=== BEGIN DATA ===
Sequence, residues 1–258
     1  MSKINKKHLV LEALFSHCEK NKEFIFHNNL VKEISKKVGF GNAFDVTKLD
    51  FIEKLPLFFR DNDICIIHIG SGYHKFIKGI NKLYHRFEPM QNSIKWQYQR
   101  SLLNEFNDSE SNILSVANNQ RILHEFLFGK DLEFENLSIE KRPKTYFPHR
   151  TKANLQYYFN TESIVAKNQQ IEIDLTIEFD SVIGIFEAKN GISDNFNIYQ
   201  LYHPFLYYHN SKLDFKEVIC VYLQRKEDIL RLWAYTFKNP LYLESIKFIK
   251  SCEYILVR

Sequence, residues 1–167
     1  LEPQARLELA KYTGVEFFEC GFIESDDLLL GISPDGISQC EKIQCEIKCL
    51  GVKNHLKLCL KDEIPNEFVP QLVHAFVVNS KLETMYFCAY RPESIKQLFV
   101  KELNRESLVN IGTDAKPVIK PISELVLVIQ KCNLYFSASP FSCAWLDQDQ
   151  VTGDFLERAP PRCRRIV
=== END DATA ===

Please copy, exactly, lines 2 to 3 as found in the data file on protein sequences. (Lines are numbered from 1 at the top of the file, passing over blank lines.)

     1  MSKINKKHLV LEALFSHCEK NKEFIFHNNL VKEISKKVGF GNAFDVTKLD
    51  FIEKLPLFFR DNDICIIHIG SGYHKFIKGI NKLYHRFEPM QNSIKWQYQR